By Joe Devlin, UCL Experimental Psychology, Div of Psychology & Lang Sciences
When John Hogan and I began running Neuromarketing Workshops we received a noticeably cool reception from colleagues. To most neuroscientists, “neuromarketing” epitomizes the worst of pseudo-science and is used to exploit unsuspecting companies. But business leaders are genuinely interested in what neuroscience and psychology can offer them and they naturally want to take advantage of the latest scientific knowledge. Where can they go to get accurate, unbiased information? UCL’s reputation as a world-leading research institution provided the perfect opportunity to uniquely meet this need and deliver global impact.
When we began, we assumed that our workshops would primarily attract people from marketing companies around London. In fact, there was much wider interest than we anticipated. Over the last two years, our participants have come from a range of industries beyond marketing, including retail, fashion, publishing, finance, and government. In addition, they came not only from the UK but also from Brazil, Canada, Denmark, France, Italy, South Africa, Thailand, Turkey, the UAE and the USA. Being based in the heart of London clearly appeals to a wide audience, many of whom are willing to travel considerable distances to attend.
Fostering marketing and neuroscience collaborations in Brazil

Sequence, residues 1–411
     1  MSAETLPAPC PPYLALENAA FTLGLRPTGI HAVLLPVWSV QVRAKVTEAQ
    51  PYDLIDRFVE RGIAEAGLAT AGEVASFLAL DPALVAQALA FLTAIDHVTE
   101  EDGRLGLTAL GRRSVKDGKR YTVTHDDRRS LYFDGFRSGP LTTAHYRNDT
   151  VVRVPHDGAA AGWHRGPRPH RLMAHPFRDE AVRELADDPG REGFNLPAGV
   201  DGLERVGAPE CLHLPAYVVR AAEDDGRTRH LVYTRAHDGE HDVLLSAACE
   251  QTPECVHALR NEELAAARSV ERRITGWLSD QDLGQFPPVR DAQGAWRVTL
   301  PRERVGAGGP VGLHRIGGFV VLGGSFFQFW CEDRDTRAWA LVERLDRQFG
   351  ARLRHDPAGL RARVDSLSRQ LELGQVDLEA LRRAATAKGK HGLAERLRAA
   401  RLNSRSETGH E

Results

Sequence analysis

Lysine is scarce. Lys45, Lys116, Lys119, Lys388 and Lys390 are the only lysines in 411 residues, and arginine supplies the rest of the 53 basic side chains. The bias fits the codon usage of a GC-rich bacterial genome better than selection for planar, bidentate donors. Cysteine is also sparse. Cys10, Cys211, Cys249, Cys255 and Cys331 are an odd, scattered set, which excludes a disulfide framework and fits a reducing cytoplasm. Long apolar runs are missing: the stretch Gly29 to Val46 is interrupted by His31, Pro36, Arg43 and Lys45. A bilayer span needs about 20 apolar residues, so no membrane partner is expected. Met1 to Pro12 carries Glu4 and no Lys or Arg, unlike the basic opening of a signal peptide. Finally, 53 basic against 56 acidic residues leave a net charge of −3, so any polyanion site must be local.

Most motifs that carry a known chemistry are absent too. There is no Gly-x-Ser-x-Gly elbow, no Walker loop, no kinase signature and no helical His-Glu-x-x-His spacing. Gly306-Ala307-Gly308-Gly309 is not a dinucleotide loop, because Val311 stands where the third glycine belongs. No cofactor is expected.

This year we had an opportunity to run a series of seminars and workshops on a two week trip to Brazil, organized through UCL Consultants (UCLC). In São Paulo we spoke to business leaders about the appeal of neuromarketing and its potential for improving our understanding of consumer decision making. In Rio de Janeiro we spoke at the government’s House of Business, where we discussed how even micro-to-small sized enterprise can benefit from neuromarketing (and crucially, how to avoid neuromarketing snake oil).
Finally in Brasilia, we were hosted by the University of Central Brazil’s (UniCEUB) marketing school to speak with faculty and students. There we focused on the science behind neuromarketing and the need to foster stronger collaborations between marketing and neuroscience in order to further develop the field.
In all three cities, we ran in-depth two-day workshops that fleshed out these concepts, provided case-study examples (of both good and bad neuromarketing), and engaged participants with hands-on learning activities. Ultimately about 70 people attended the workshops and another 150 came to the lectures.
Building partnerships through engagement and enterprise
For us, the workshops are both exciting and slightly terrifying as we are often challenged to apply the research we discuss to real-world situations on the spot. On the plus side, this has led to new industry-funded research projects. Following our Brasil trip, we are now in discussions with two large, international companies about how they can use consumer neuroscience to understand their customers better.
In our experience, these types of opportunities provide access to new research questions, novel (and rather large!) data sets that go beyond anything we could collect in the lab, and unique opportunities for students to apply their knowledge towards solving real-world problems. We were also invited by Brazil’s small business association to help them co-create content about neuromarketing to share with businesses throughout the country via the Sebrae Corporate University.
In a recent Vice-Provost View in The Week@UCL, Dr. Dame Nicola Brewer (Vice Provost International) revealed that the Global Engagement Office has made substantial progress delivering on our Global Engagement Strategy (GES) goals with an investment of less than half a percent of UCL’s overall expenditure. Building partnerships through engagement and enterprise also helps to meet our GES objectives, while at the same time generating revenue and novel research opportunities.